Controlling the Activity and Stability of Pt-Based Electrocatalysts By Means of the Lanthanide Contraction

Tuesday, October 13, 2015: 11:40
211-A (Phoenix Convention Center)
M. Escudero-Escribano, P. Malacrida, U. G. Vej-Hansen, V. Tripkovic, A. A. Velázquez-Palenzuela, J. Schiřtz, J. Rossmeisl, I. E. L. Stephens (Technical University of Denmark), and I. Chorkendorff (Technical University of Denmark)
In order to reduce the Pt loading at the cathode of proton exchange membrane fuel cells (PEMFCs) more active and stable catalysts are needed to drive the oxygen reduction reaction. Most research has focussed on achieving this by alloying Pt with Fe, Co, Ni or Cu [1,2]. However, these compounds typically degrade under PEMFC conditions, due to dealloying. Alloys of Pt and lanthanides may be inherently less prone to dealloying under reactions conditions, due to their negative enthalpy of formation [2-4].

Herein we present a systematic study on the trends in activity of seven novel Pt-lanthanide electrodes (Pt5La, Pt5Ce, Pt5Sm, Pt5Gd, Pt5Tb, Pt5Dy and Pt5Tm). The materials are highly active, presenting a 3 to 6-fold activity enhancement over Pt [3-5], amongst the most active polycrystalline Pt-based catalyst ever reported. Moreover, our recent study showed that PtxGd is highly active in the nanoparticulate form [6]. On the bulk alloys, a Pt overlayer with a thickness of few Pt layers is formed onto the bulk alloys by acid leaching (Fig. 1A) [3-5]. The ORR activity versus the lattice parameter obtained by X-ray diffraction measurements follows a volcano relationship (Fig. 1B). Furthermore, we explain the trends in stability, and present the lattice parameter as a new descriptor that controls both the activity and stability of these materials. Using the lanthanide contraction we demonstrate that the electrocatalytic performance can be engineered by tuning the Pt-Pt distance.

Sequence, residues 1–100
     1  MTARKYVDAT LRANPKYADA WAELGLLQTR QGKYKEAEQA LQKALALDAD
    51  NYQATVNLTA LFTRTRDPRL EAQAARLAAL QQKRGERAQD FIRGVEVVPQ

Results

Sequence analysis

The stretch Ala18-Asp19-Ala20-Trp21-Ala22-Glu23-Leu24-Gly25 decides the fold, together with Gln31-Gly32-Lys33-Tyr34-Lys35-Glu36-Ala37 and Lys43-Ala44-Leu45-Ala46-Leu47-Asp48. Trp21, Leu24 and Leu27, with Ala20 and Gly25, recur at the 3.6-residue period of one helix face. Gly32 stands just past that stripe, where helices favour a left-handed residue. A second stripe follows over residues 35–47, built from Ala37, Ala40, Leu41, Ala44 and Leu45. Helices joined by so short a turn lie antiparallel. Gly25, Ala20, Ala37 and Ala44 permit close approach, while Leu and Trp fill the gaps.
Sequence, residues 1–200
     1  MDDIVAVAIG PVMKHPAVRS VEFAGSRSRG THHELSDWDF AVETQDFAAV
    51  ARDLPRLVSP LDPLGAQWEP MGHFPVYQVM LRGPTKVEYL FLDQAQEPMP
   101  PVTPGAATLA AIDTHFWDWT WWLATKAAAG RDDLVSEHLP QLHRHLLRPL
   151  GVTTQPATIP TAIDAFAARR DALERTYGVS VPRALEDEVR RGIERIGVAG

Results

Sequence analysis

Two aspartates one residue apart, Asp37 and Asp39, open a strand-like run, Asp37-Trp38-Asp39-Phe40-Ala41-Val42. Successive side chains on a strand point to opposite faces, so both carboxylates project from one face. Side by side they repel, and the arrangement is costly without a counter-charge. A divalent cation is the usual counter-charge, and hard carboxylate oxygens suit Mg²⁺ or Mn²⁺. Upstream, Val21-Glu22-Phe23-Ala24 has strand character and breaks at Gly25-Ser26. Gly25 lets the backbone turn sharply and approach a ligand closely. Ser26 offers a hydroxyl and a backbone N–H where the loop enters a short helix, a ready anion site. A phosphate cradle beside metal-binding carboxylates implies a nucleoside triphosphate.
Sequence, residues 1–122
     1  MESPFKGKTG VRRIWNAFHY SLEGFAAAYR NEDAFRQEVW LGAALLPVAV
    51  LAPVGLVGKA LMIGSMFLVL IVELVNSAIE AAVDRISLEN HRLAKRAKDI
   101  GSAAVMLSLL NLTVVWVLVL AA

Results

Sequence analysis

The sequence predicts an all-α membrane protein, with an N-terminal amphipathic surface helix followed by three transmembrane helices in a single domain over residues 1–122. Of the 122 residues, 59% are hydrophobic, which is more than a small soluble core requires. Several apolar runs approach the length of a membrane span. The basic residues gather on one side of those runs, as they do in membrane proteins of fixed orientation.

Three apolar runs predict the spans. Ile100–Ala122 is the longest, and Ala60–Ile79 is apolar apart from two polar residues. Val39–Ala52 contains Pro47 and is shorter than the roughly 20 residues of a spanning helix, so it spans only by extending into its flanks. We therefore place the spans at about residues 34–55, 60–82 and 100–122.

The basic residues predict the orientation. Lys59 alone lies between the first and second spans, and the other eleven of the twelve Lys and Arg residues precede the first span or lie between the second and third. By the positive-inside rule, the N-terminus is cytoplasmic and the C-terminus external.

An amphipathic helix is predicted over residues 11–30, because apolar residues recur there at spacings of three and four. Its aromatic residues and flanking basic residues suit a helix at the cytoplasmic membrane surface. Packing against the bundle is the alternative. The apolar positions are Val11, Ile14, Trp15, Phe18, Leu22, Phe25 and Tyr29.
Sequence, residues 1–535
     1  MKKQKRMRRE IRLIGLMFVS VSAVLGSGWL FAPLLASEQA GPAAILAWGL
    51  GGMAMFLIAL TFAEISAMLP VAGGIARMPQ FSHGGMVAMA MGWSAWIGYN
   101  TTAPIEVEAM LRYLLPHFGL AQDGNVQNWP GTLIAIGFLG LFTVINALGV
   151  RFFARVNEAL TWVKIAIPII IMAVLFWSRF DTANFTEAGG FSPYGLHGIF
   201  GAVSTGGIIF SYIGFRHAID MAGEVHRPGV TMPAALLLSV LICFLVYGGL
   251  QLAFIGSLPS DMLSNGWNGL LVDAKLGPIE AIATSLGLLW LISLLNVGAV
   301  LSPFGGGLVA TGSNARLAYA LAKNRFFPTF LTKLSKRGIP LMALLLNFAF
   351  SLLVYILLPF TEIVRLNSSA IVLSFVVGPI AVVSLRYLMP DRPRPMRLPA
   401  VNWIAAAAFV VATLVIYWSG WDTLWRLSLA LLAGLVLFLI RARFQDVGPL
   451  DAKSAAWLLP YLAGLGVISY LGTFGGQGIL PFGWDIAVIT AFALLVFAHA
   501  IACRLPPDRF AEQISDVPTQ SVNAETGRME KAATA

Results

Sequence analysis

[1] H. A. Gasteiger, S.S. Kocha, B. Sompalli, F.T. Wagner, Appl. Catal. B 2005, 56, 9.

[2] I.E.L. Stephens, A.S. Bondarenko, U. Grønbjerg, J. Rossmeisl, I. Chorkendorff, Energy Environ. Sci. 2012, 5, 6744.

[3] M. Escudero-Escribano, A. Verdaguer-Casadevall, P. Malacrida, U. Grønbjerg, B.P. Knudsen, A.K. Jepsen, J. Rossmeisl, I.E.L. Stephens, I. Chorkendorff,  J. Am. Chem. Soc. 2012, 130, 16476.

[4] P. Malacrida, M. Escudero-Escribano, A. Verdaguer-Casadevall, I.E.L. Stephens, I. Chorkendorff, J. Mater. Chem. A 2014, 2, 4234.

[5] M. Escudero-Escribano, et al., to be submitted, 2015.

[6] A. Velázquez-Palenzuela, F. Masini, A.F. Pedersen, M. Escudero-Escribano, D. Deiana, P. Malacrida, T.W. Hansen, D. Friebel, A. Nilsson, I.E.L. Stephens, I. Chorkendorff, J. Catal., in press., 2015, DOI: 10.1016/j.jcat.2014.12.012

Fig 1. (A) Schematic three-dimensional views of the Pt5M (M = lanthanide) structure during sputter-cleaning and after electrochemistry. (B) Experimental ‘activity-lattice parameter’ volcano plot: ORR kinetic current density measured at 0.9 V vs. RHE as a function of the lattice parameter and the Pt-Pt distance for polycrystalline Pt5M electrocatalysts after initial ORR activity (dark grey squares) and after 10 000 cycles between 0.6 and 1.0 V vs. RHE (grey circles).